Italy blocks migrant rescue ship after inspection –

Authorities in the Sicilian port of Trapani detained the Ocean Viking migrant rescue ship following an 11-hour inspection, the group that operates the vessel said Tuesday.

Search and rescue group SOS Mediterranee criticised what it called the “extreme scrutiny”, insisting everything was in order.

The detention comes exactly one year after Ocean Viking returned to the seas following five months spent blocked in Italy over alleged safety issues.

A routine inspection on Monday by Trapani port state control officers found separate issues with the registration of container structures on the rear deck of the Ocean Viking, the group said in a statement.

The structures were added two and a half years ago to shelter survivors and hold the equipment, the group added, insisting they had been “validated by all relevant regulatory bodies”.

“We regret the extreme scrutiny our vessel continues to be subjected to,” said Frederic Penard, director of operations of SOS Mediterranee.

“This inspection was the sixth port state control the Ocean Viking underwent since starting operations in the central Mediterranean in August 2019.

“This leads to new delays in the resumption of our operations.”

Tens of thousands of people seeking to reach Europe cross the central Mediterranean each year, setting off from North Africa in what are often leaky and overcrowded boats.

According to Italian interior ministry figures, more than 67,000 migrants arrived on Italy’s shores in 2021.


At the end of December, Italy allowed the disembarkation of almost 1000 migrants from Sea-Watch 3 and The Geo Barents Ship.

The latter, run by Doctors Without Borders, had rescued some 558 people in eight separate operations off the coast of Libya over eleven days. They included 174 minors and an eight-month pregnant woman.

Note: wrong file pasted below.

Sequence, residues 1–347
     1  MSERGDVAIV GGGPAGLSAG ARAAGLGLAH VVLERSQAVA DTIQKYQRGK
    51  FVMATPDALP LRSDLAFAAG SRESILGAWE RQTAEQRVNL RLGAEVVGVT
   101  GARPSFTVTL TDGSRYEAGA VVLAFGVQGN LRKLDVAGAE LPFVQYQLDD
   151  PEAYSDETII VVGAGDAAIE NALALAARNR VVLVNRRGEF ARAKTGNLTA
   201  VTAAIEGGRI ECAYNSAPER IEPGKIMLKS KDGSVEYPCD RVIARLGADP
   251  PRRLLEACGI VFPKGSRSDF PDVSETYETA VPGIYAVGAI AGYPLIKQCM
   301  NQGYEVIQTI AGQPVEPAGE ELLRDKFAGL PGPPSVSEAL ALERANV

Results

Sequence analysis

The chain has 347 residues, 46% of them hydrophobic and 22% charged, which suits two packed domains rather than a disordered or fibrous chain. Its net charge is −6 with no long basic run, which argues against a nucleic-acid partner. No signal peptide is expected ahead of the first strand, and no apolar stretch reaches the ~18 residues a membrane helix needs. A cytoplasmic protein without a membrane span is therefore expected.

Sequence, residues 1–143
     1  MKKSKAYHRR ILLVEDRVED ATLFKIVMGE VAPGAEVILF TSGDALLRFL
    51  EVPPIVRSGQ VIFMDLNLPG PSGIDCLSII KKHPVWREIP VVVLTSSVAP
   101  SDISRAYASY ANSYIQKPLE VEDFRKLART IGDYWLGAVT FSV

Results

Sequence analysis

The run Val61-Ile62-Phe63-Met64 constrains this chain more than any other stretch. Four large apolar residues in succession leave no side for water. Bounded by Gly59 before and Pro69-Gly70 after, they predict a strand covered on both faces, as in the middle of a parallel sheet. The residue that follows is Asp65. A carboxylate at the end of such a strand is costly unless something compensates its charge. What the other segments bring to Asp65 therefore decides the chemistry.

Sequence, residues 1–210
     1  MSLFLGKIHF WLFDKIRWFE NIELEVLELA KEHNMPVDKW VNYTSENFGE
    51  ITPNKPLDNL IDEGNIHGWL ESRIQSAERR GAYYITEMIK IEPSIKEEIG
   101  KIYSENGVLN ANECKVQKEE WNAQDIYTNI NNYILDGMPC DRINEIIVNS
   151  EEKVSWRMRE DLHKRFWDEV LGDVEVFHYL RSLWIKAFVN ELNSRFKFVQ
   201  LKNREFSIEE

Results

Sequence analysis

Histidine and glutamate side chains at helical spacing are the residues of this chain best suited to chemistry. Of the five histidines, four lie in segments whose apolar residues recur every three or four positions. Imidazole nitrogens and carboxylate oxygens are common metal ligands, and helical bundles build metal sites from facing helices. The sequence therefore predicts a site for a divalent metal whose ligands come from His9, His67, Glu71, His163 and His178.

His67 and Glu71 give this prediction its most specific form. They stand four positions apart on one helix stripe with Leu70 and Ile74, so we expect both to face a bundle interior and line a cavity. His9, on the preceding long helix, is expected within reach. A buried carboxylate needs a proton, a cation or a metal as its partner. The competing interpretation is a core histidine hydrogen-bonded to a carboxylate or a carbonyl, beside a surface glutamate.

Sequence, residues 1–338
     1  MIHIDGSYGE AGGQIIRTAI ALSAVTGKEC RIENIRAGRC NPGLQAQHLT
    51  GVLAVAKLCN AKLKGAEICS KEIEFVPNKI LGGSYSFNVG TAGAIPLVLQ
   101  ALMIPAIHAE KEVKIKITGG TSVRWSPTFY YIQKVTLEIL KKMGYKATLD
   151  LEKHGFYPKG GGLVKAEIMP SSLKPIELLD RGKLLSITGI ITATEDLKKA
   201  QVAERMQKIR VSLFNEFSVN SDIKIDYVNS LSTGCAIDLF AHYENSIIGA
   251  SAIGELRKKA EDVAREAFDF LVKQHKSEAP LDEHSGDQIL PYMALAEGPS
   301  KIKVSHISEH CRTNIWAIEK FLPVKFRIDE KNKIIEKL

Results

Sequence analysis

Overall, the UN refugee agency estimated that around 115,000 arrived by sea last year to Italy, Greece, Spain, Cyprus, and Malta. More than 1,800 were reported dead or missing.

In addition, according to data from The New Humanitarian, an average of four people died each day in 2021 while trying to cross from North Africa to Europe via the Mediterranean.

Some 30,000 were returned to Libya with the assistance of the Libyan Coast Guard, a controversial practice as reports of torture, sexual abuse, and violence come out of detention centres run by reported semi-official militants.

Yet, the EU supports this practice and has ploughed millions into the Libyan Coast Guard, who are consistently accused of grave human rights abuses. UN human rights agencies have consistently sounded the alarm over human rights abuses and “reckless and violent behaviour” perpetrated by the Coast Guard.

Julia Shaefermeyer, communications officer for a search and rescue NGO aboard the Ocean Viking in 2021, detailed the testimonies of those who returned to Libya.

One woman, known as Angel, detailed how she was systematically raped and beaten in a Libyan detention centre after a failed crossing.

“I only escaped because they threw my naked body into a container on the street thinking I was dead,” she told Shaefermeyer.

Another woman explained how she was raped by who she thought were coast guards in Tripoli, became pregnant and was then beaten so badly she miscarried. She was then forced onto a boat and made the crossing with no medical treatment for her condition.

“We were able to give her emergency treatment for the miscarriage she suffered, including medication to prevent infection,” Shaefermeyer said at the time.

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